What You Need to Know about HPV and Casual Sex

No one likes to interrupt dating and sex talk with sobering facts about disease, but being aware of risks and consequences can help us better control our encounters and health.

So, let’s talk about HPV. The Center for Disease Control says that almost 80 million Americans have HPV, the world’s most common sexually transmitted infection. That’s about one in four people, or almost all folks of sexually active age groups.

Can that be right? Other estimates are just as grim: some say that nearly all people who have had sex have this STI.

HPV, or Human Papilloma Virus, is very common and highly contagious, and the fact that condoms only help reduce its spread marginally make it challenging to control. It’s one of those equal opportunity infections—it doesn’t care whether you have a different partner every night, or you’ve only had sex one time in your whole life. It’s impossible to pinpoint when and where you got it, because it can be silent for years before flaring up.

Because there’s a lot of confusion about HPV, it’s a kgood idea for anyone who uses dating websites, or is sexually active, to get to know the facts.

HPV can mean genital warts or cancer.

Cervical cancer and throat cancer are two kinds of cancer that can result from HPV infection. Genital warts are dreaded too. Warts can look like a pimple or two or grow like mushrooms and look like cauliflower or barnacles. It’s humiliating to have warts, but they are not the strain that causes cancer.

Don’t panic. You probably already have it.

I know, that’s not much consolation, but it’s a fact. The virus is often symptom free. Most people who have it don’t know. The kind of viral strains that cause cancer are not visible ones you can see on a partner.

Genital warts are contagious, and they’re most contagious when visible. You might not contract them even if you contact them, and you might break out in warts even if you never saw any on your partners.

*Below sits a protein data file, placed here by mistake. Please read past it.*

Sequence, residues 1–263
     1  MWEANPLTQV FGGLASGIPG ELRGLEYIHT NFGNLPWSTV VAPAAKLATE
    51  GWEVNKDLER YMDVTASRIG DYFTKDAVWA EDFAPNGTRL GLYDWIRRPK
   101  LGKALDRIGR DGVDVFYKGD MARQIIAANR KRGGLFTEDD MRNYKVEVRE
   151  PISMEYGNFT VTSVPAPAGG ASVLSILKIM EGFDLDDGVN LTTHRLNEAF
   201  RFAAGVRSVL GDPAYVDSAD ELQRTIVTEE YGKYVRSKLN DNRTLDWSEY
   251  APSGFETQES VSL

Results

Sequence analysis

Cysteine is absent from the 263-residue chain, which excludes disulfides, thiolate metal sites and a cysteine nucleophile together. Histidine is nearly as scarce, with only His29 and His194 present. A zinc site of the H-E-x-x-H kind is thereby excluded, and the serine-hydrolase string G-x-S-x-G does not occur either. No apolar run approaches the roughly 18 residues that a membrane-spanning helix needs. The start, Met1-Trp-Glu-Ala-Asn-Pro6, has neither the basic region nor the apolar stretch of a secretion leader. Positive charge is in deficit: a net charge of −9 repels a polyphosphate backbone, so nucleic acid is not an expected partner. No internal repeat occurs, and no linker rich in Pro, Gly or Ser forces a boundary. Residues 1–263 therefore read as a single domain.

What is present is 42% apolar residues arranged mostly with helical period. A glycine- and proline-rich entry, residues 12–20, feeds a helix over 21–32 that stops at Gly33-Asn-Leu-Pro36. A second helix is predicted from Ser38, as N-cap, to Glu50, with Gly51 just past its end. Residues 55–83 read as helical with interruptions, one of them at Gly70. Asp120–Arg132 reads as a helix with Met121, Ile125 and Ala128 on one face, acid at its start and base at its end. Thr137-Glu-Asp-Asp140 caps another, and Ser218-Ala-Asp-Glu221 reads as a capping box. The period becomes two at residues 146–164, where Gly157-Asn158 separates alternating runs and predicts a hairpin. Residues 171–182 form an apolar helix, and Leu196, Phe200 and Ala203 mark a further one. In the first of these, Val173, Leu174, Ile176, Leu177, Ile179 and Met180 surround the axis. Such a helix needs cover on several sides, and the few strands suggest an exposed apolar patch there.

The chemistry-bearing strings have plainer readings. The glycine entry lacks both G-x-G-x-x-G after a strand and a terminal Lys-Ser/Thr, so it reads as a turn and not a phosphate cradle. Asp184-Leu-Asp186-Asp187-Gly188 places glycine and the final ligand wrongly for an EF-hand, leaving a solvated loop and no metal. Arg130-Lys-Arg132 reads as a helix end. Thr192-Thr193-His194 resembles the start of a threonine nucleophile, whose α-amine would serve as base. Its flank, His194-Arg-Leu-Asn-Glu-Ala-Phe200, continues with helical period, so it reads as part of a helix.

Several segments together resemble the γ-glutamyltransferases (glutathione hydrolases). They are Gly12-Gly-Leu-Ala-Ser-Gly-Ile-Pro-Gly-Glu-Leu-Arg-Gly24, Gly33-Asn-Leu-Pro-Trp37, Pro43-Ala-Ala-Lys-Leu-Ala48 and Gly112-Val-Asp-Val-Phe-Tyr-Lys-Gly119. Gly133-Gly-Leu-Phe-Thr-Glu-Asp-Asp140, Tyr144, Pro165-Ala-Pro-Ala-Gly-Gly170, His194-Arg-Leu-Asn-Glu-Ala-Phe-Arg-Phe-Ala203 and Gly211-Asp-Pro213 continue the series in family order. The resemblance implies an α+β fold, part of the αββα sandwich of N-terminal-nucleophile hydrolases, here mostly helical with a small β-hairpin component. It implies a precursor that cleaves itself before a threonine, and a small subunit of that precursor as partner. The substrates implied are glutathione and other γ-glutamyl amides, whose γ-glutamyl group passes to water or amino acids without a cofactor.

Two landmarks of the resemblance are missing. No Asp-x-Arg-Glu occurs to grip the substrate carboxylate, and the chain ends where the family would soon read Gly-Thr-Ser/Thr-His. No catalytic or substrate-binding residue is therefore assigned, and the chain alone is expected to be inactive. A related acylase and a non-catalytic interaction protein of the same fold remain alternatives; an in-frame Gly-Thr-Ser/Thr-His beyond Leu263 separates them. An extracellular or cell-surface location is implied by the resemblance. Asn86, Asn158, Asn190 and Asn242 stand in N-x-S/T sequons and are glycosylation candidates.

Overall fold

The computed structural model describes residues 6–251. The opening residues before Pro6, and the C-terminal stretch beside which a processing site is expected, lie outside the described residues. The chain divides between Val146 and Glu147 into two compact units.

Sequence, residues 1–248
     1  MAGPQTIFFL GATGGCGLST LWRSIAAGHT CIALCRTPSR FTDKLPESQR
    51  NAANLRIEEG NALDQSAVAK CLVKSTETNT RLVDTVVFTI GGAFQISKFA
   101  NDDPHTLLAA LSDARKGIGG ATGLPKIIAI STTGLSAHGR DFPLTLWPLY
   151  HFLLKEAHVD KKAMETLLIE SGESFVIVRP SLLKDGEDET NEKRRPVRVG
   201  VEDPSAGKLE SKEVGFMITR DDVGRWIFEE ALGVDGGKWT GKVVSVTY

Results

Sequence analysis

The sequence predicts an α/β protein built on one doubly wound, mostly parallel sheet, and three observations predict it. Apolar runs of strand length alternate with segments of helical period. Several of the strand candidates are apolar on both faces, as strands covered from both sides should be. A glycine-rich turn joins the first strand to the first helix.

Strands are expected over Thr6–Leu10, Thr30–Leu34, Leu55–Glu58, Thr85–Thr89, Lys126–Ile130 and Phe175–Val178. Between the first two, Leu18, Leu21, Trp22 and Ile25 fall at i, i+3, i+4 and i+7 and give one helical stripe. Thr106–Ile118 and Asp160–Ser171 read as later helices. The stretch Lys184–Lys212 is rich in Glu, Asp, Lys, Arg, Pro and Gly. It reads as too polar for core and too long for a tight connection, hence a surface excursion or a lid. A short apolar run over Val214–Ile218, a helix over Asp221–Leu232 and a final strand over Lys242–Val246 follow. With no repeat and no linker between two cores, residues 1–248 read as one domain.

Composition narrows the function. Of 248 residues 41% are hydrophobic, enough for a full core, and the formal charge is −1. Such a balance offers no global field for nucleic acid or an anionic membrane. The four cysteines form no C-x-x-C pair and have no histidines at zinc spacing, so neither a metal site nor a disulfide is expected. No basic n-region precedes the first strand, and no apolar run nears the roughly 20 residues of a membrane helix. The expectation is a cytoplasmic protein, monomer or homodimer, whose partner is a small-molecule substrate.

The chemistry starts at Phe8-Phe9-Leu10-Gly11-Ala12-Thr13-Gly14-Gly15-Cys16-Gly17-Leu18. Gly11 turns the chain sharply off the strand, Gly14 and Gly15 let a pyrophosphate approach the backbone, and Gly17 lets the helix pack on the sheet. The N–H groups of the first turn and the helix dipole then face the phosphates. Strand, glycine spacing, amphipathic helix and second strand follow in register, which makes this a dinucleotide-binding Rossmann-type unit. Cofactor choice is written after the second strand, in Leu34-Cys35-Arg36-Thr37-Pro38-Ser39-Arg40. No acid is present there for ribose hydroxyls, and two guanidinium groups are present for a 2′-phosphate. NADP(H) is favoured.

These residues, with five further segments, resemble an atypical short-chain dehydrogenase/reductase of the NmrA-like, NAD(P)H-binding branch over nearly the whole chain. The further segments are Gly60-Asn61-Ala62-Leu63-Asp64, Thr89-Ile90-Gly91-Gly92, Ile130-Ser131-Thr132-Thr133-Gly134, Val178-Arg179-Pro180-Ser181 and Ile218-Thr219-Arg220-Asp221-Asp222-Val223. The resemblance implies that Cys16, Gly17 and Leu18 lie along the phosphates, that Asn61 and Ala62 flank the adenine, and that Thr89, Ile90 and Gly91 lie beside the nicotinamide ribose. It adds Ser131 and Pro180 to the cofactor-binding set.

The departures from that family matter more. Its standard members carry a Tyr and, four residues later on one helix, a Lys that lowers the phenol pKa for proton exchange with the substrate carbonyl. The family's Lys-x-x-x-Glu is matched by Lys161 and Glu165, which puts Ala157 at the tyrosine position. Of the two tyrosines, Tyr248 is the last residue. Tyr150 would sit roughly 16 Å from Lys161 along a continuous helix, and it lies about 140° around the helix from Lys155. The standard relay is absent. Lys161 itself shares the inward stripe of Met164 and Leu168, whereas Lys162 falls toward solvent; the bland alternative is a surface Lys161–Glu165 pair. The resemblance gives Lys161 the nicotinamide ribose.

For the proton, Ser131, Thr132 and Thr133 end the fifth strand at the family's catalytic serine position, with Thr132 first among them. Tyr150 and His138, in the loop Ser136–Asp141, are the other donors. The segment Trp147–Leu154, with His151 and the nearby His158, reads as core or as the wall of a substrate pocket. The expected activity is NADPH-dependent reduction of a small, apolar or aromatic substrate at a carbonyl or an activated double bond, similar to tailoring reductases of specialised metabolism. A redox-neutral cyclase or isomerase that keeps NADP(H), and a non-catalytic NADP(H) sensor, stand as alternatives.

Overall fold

All this means is that you want to take reasonable cautions, but not worry yourself sick about it. It is serious and may sounds scary, but it’s also a fact that most viruses act like this. We carry countless viruses around without infection or symptoms.

Getting it doesn’t mean your partner was unfaithful.

If you’re in a monogamous relationship and suddenly find yourself with a case of HPV, it doesn’t mean your partner is lying or cheating. HPV can be dormant for years.

Safe sex and a practical whole health plan are your best defences.

Condoms are extremely effective in combating unwanted pregnancy and diseases. Because HPV can spread through skin contact, snuggling, oral sex, touching, towels and blankets, condoms are a less effective strategy against HPV. Don’t ditch the condoms, though, they provide some protection. You can also bring your own towel, use a condom or dental dam for oral sex, and shower before and after your encounter.

The most important factor to include in HPV prevention or management is the general maintenance of your health and hygiene. Bolstering your immune system is key. Get plenty of sleep and fresh air and sunshine. Take Vitamin D even if you get outside a lot because there’s very little in food. Eat lots of fish, eggs, leafy vegetables, and get regular exercise.

The good news? Having regular sex is part of having a healthy body. Our bodies are meant to be used and function optimally when we do so.

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